The real thrill is to watch these animals live outside the reach of humans - to help and observe them from afar. "It makes you feel good," admits Laney. "It feels like a good deed to get salt or feed to them, especially when it's cold and bad up there. Plus, checking on them gives me and my wife a good reason to go walk around the park. We still have a little bit of kid left in us, and seeing those ponies roam free brings that kid out."

It's true that these ponies bring a childlike sense of wonder to every hiker who has a chance to glimpse them. That is why we're glad that folks like Laney Irving and the Wilburn Ridge Pony Association offer up their time and Southern States products to protect them. Because there's something mythical about these small, strong horses standing stalwart against the elements. There's something inspiring about their thick coats and wispy manes parting in the wind. There's something in these freely wandering ponies, with wise eyes and old souls that has the ability to make full-grown men think about magic.

Grayson Highlands State Park Pony Auction

Part of caring for wild horses is keeping the herd's population at a manageable number. To accomplish this, the Wilburn Ridge Pony Association holds an auction at 2:00 PM on the Saturday following the 4th full week in September. The auction is part of the Grayson Highlands Fall Fest. All auctioned ponies have passed veterinary examination and testing, and the proceeds from their purchase goes toward sustaining the pony herd and local charities. For further information call: 276-773-3111 or go to www.graysonfallfestival.org.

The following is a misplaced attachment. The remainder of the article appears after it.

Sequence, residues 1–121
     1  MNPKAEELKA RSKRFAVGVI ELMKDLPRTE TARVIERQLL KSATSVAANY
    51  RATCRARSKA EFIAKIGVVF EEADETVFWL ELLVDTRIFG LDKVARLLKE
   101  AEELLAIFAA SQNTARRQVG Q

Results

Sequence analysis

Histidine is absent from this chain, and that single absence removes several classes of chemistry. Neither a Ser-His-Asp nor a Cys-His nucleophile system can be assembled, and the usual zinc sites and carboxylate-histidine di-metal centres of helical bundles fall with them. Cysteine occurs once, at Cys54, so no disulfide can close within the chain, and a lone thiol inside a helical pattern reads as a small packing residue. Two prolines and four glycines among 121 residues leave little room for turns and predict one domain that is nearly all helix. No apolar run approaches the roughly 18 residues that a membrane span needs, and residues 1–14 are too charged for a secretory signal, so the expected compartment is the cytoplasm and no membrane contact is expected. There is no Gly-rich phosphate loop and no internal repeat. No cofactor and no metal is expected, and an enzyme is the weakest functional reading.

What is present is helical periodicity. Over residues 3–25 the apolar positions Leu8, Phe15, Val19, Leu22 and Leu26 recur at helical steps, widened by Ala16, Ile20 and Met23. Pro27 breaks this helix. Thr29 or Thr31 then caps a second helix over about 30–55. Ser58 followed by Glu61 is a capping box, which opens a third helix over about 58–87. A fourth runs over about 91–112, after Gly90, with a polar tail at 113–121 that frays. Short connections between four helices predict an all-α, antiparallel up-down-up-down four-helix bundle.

Comments

Ernest J. 10/08/12
Great Job Southern States--the ponies are clearly healthy! This is a great article. Thanks SS! My daughters and I hiked Grayson State Park to and from Mt Rogers summit last weekend (yes, it rained), and were very pleasantly surprised with the number and health of the pony herds. However, I think there may now be three herds rather than two, as we difinitely ran into three "concentrations." First was within the state park, second about half way up near large campsite area (they played tag around the tents areound 3:00AM), third around the trail shelter. A park ranger later told us the original ponies came from Eastern Shore--friends of Misty? I was here last year, and it seems to us that the Mt Roger's ponies are a bit larger on overage? Yes/No? Regardless, many thanks to the Wilber Ridge Pony Assn.

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1 Comment:

Ernest J.
October 8, 2012 10:39 AM
Great Job Southern States--the ponies are clearly healthy!
This is a great article. Thanks SS! My daughters and I hiked Grayson State Park to and from Mt Rogers summit last weekend (yes, it rained), and were very pleasantly surprised with the number and health of the pony herds. However, I think there may now be three herds rather than two, as we difinitely ran into three "concentrations." First was within the state park, second about half way up near large campsite area (they played tag around the tents areound 3:00AM), third around the trail shelter. A park ranger later told us the original ponies came from Eastern Shore--friends of Misty? I was here last year, and it seems to us that the Mt Roger's ponies are a bit larger on overage? Yes/No? Regardless, many thanks to the Wilber Ridge Pony Assn.